So the Vilani Empire is founded with a medical motivation in mind(and shugilii power-politics, of course). The first priority is to quarantine and restrict access to worlds with earthlike biochemistries. The Vilani thus passed by many of the best, most human friendly garden worlds in favor of unpleasant, marginally habitable dumps for fear of disease. Humans found on other worlds would be even more worrisome. I suspect the empire would keep those other humans restrained to their own worlds or tightly defined ghettos in space. By force if necessary. Exploration would have been slow and tentative, but methodical in the early days. No one wants to find more humans out there, carrying awful diseases, but too strong to be forcibly quarantined. Later on, slow and tentative would start to dominate and exploration would become less methodical in a tottering, decadent Empire.

Their dealings with non-human aliens might be much less strained. Once the aliens have passed through a quarantine period and shown not to carry organisms harmful to the Vilani, they might even be admitted freely into Vilani society, depending on their cultural tendencies, of course. Officious, by-the-book Bwaps are everywhere, more creative, incautious or wild-minded aliens might be nearly as restricted as all of those minor humans.

Fear of a reprise of the earlier great plagues prevents the Vilani from the exposure to disease organisms that might make their immune systems more powerful. On the one hand, we know that they suffered under the onslaught of Terran diseases during and after the canonical Interstellar Wars. On the other hand, we also know that a few hundreds of years later, Vilani are common throughout the Third Imperium, but don’t seem to have any particular tendency to fall dead with blood coming out of their eyes on meeting humans from Earth. When the quarantine structures are broken down due to the dual perils of the decay of Imperial authority and hostile action by the enemy Terran Confederation, disease ravages the Empire. Even with reasonable contact with other human races, the variety of disease organisms from the homeworld of the human race would have had unpleasant repercussions but probably less devastating than what they suffered.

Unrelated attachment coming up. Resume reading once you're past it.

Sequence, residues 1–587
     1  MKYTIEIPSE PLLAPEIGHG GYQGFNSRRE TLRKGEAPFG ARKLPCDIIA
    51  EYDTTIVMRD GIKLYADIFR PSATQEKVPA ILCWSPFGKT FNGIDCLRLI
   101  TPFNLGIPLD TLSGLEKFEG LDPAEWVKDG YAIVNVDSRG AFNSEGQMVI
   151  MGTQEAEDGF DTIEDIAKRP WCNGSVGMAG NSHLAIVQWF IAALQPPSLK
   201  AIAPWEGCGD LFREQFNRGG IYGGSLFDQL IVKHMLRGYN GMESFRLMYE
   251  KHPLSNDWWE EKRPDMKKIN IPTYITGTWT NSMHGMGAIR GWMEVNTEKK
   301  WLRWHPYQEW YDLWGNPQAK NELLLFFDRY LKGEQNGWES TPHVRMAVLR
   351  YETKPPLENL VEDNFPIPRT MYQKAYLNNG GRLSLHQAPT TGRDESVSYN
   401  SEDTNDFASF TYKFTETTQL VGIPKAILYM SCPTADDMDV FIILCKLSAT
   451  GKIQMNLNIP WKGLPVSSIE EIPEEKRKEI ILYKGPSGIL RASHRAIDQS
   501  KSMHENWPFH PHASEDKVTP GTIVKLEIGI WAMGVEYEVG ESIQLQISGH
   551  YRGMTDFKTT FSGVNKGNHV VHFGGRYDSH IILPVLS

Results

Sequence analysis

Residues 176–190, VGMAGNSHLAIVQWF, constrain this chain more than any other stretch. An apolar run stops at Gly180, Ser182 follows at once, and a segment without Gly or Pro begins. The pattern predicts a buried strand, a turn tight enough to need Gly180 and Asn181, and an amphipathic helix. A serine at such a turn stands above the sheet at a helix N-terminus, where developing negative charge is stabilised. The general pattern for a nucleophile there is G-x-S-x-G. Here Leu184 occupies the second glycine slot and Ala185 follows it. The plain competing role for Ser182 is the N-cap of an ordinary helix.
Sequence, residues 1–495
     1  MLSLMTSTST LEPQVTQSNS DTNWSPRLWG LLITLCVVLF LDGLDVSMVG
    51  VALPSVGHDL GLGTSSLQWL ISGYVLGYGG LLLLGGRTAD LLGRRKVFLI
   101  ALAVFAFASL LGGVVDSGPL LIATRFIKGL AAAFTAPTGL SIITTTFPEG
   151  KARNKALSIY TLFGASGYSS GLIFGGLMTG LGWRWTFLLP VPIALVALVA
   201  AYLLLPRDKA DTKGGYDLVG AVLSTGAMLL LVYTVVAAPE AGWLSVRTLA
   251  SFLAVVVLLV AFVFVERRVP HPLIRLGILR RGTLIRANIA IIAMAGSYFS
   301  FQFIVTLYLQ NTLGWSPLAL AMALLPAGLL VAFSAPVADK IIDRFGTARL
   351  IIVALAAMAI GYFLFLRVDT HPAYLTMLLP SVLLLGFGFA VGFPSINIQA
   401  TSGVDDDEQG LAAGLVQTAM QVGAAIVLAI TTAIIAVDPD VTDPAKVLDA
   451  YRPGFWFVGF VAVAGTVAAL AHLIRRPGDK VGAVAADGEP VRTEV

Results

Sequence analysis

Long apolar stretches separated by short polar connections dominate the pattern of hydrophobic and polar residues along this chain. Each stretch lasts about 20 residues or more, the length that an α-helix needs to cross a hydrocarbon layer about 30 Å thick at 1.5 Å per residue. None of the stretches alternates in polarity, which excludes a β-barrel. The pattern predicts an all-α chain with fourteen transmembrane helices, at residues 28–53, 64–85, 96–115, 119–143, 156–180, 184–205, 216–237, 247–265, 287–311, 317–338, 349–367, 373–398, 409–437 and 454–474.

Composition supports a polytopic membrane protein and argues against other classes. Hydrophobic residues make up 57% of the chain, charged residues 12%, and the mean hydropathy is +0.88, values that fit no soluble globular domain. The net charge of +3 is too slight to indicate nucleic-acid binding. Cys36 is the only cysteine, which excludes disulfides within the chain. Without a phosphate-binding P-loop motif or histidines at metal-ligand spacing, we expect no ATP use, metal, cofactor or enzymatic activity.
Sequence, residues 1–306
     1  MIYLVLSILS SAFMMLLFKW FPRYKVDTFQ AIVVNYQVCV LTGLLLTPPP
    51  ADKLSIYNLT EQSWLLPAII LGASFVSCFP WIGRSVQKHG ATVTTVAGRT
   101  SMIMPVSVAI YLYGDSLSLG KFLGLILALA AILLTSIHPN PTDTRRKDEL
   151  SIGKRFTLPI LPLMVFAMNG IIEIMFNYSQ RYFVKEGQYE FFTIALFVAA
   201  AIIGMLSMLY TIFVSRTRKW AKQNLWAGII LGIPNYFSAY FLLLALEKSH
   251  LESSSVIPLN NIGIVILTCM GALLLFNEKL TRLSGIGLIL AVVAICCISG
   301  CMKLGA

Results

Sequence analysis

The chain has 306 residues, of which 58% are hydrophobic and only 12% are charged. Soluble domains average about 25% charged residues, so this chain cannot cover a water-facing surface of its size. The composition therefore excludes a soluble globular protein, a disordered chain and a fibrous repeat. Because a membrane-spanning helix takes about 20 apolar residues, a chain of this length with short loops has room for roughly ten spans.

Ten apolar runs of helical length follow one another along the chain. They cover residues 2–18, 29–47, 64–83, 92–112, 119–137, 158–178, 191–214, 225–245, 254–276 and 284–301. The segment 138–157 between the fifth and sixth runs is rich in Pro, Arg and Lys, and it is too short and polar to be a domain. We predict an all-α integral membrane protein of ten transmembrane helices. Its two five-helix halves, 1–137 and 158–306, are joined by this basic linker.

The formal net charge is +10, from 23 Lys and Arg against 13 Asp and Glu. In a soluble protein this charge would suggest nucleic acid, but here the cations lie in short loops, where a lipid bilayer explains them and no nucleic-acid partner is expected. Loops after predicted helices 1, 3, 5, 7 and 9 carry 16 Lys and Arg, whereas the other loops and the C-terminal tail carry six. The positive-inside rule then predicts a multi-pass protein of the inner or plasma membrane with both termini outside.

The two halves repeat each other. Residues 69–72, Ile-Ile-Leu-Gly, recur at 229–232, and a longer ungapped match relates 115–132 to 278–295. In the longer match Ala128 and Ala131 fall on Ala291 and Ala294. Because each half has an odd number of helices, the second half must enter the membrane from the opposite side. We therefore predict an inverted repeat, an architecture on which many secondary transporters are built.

Shugilii efforts to restrict innovation as pretty much of a horribly-punished sin, results in an Empire poorly prepared to cope in the face of an active and technologically-advancing enemy.

Going back to that fear of disease, the Vilani response to contact with other humans would lead inevitably to the conflict. The Vilani contacting Earth would be happier talking with Ridley Scott’s Alien over a conference table than representatives from Earth, and it would show. The people of Earth would be less than happy at being cordoned off like lepers in some little corner of space. Other humans weren’t any happier, but contact with Earth was a perfect storm: the Empire was in a state of decay; Earth had been given a lot of time to grow, unfettered by Imperial authority; the humans of post-industrial Earth were just a bit more innovative and advanced than previous humans had been at the time of contact. In combination, this time, the humans could resist quarantine and did.

So the end of the Vilani Empire is predicated by its beginning as much as any classical tragedy.

This same pattern of traumatic problem, particular set of solutions, and failure of that solution set to be adaptable to later problems leading to dissolution, could be applied to the creation of other societies as well. For instance, the Ramshackle Empire in Traveller was predicated on maintaining the gains from the Interstellar Wars and propping up the rotting cadaver of the Vilani Empire, and the Third Imperium was simply created to maintain interstellar trade and stave off a new Long Night.

Basically, try to isolate the motivating trauma, determine the enduring mechanisms created to handle the trauma, then come up with a new set of problems and remove some of the old ones to see how the mechanisms twist, deform and break to adapt and the ways in which those mechanisms fail to adapt.

This isn’t a philosophy of real life, though it does inform my own political viewpoint(Aaah! Politics! Run!), but it is simply intended as one tool in a box of tools for the creation of interesting cultures.

Thank you for your attention,

The Astrographer